Jun 3, 2022 - News

The fate of two consequential bills rests in the North Carolina House

Illustration of the North Carolina Legislative Building with lines radiating from it.
Illustration: Brendan Lynch/Axios

North Carolina's state Senate passed two major bills Thursday on issues that few believed would ever see the light of day in this legislature: Medicaid expansion and medical marijuana.

Yes, but: The bills could lead to a standoff between the Senate, House and the governor, who all have competing priorities for this year's legislative session.

Between the lines: It's an election year, and all 170 seats are up for grabs. How Republicans vote on policy changes now could affect their ability to gain a supermajority in both chambers, which would give them the power to override Gov. Roy Cooper's veto in the final two years of his term.

  • If Republicans succeed at that in November, this could be Cooper's last chance to achieve one of his top political priorities of expanding Medicaid.
  • Senate Republicans have pointed to polling, saying it shows passing Medicaid expansion and medical marijuana enhance their chances of gaining a supermajority.
  • House Republicans, however, don't seem as motivated by polling that shows their base is increasingly supportive of legalizing medical marijuana and expanding Medicaid.

State of play: The fate of both bills rests in the House. Republicans there have repeatedly said they have no desire to debate hefty policy changes — like Medicaid expansion and medical marijuana — in the "short session," which is slated to wrap up at the end of this month.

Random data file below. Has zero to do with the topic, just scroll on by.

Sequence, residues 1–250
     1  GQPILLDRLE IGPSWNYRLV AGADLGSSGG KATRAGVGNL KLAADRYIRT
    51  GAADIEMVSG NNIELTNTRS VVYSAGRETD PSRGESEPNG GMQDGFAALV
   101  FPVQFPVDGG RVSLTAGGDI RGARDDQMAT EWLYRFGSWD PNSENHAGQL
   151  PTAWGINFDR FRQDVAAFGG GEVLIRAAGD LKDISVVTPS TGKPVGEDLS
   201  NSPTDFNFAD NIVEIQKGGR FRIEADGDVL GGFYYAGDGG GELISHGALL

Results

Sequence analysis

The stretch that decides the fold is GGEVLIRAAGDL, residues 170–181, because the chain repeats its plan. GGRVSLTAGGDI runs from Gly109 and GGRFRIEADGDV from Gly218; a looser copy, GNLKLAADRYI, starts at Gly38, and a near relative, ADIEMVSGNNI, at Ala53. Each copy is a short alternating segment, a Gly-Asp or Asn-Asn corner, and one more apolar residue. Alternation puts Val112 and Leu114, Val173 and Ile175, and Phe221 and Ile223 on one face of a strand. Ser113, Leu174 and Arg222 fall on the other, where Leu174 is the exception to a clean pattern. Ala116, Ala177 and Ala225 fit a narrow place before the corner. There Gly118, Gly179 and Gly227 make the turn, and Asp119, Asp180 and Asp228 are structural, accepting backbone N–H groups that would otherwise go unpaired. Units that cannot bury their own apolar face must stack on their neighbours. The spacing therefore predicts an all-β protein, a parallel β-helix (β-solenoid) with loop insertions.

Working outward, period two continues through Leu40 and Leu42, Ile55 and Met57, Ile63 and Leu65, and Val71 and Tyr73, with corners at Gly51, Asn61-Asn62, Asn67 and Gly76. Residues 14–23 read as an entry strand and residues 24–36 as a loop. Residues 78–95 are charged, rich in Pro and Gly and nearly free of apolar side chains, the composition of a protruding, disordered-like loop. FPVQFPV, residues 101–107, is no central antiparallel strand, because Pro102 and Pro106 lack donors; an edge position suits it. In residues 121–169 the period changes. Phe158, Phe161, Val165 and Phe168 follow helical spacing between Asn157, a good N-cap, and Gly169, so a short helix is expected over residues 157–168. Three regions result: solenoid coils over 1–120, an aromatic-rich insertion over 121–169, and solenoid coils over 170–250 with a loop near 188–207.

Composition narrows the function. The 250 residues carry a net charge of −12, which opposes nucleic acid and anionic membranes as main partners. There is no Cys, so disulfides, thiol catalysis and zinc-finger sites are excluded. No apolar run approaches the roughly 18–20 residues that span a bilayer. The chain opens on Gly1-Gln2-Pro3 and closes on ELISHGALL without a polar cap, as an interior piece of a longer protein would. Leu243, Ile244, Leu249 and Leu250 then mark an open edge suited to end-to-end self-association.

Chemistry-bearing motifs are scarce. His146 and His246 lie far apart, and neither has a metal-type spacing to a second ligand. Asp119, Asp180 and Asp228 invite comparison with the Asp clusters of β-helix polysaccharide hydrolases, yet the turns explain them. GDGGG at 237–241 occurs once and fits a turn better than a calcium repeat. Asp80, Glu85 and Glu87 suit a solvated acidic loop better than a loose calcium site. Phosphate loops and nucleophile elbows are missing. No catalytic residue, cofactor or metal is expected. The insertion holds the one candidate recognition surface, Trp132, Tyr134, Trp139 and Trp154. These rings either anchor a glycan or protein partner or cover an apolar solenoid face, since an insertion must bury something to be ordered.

The bottom line: The House has a good chance at succeeding in preventing both those bills from moving forward in the short session, because it's much easier to block a bill than it is to pass one.

But, but but: Negotiations for a new spending package could be another wrinkle. Each party — the governor, the House and the Senate — will likely need to compromise if they want to achieve their priorities.

  • The House has emphasized that they want to allocate funds to a variety of projects as part of this year's budget.
  • But Senate leader Phil Berger is willing to go home without a budget this year, he told journalists Thursday.
  • Asked if the Senate would decline to pass a budget bill if the House doesn't pass Medicaid expansion, Berger said, "We've not taken the position that 'We're not going to talk about the budget unless you take this bill up.'"
  • But, he said laughing, taking that position is "not a bad idea."

Of note: A third bill that made news this week — called the "Parents' Bill of Rights" — will have an easier time of passing the House but is expected to be vetoed by Cooper, who signaled his opposition to the bill last week, The Associated Press reported.

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